| Last updated
China is harvesting and selling the organs of minorities, the UN Human Rights Council has been told.
Lawyer Hamid Sabi presented the findings of the China Tribunal in Geneva on Tuesday, claiming the harvesting of organs from religious and ethnic minorities on an industrial scale had been 'proved beyond reasonable doubt'.
The China Tribunal was chaired by Sir Geoffrey Nice QC and concluded that the Chinese government had been extracting organs from living members of the Falun Gong spiritual group for at least 20 years. The tribunal also found evidence of organ harvesting on a smaller scale from the Uighur Muslim minority, as well as Tibetans and some Christian sects.
The tribunal's final judgement said detainees have been "killed to order... cut open while still alive for their kidneys, livers, hearts, lungs, cornea and skin to be removed and turned into commodities for sale".
Mr Sabi said it was UN member states' 'legal obligation' to take urgent action against the crimes, which amount to a 'possible charge of genocide'.
According the Independent, he said: "Victim for victim and death for death, the gassing of the Jews by the Nazis, the massacre by the Khmer Rouge or the butchery to death of the Rwanda Tutsis may not be worse than cutting out the hearts and other organs from living, blameless, harmless, peaceable people.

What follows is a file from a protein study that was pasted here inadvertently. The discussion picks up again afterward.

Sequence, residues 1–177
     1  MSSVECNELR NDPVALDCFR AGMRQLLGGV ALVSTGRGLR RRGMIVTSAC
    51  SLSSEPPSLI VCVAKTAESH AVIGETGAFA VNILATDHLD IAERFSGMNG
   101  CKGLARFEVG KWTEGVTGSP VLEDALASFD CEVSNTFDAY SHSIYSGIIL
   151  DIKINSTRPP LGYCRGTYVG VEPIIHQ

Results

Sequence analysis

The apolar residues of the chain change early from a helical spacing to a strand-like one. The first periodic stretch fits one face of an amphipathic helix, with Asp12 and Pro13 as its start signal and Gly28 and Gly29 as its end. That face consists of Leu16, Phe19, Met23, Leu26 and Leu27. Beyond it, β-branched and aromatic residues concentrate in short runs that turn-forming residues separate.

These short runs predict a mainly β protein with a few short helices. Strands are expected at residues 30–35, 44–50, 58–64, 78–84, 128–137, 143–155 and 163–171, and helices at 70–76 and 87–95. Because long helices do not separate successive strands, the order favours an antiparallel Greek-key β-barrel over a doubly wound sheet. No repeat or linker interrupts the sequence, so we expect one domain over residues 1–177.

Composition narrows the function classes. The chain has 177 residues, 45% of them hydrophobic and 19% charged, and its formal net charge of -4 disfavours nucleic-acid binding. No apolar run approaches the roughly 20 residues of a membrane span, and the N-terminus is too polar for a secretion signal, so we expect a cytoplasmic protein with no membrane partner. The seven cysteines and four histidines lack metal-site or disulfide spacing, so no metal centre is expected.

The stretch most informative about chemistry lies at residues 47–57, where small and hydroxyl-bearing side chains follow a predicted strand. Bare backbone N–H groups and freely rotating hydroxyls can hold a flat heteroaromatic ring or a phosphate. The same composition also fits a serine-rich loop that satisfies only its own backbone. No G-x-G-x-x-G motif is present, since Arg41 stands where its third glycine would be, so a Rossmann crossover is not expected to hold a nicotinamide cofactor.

"Organ transplantation to save life is a scientific and social triumph. But killing the donor is criminal.
"It is the legal obligation of UN Member States to address this criminal conduct."
Sir Nice also called for decisive action to be taken against China.
He said: "The time of convenient 'uncertainty', when all these entities could say the case against (China) was not proved, is past."
According to the tribunal, the organ transplant industry could earn China more than £801.4m ($1bn) a year. However, China has repeatedly denied taking part in any form of unethical organ transplants, claiming it stopped using the organs of executed prisoners in 2015. The country has also previously accused the tribunal of perpetuating 'rumours'.
A spokesman for the Chinese Embassy in London told the Thomson Reuters Foundation that government regulations stipulated that human organ donation must be voluntary and without payment.
The Falun Gong spiritual group was banned in China 20 years ago after members staged a silent protest in Beijing against state persecution, while more than a million members of the Uighur Muslim minority in the northwestern Xinjiang province have been interned in a detention and 're-education' programme.
Chosen for YouChosen for You
Most Read StoriesMost Read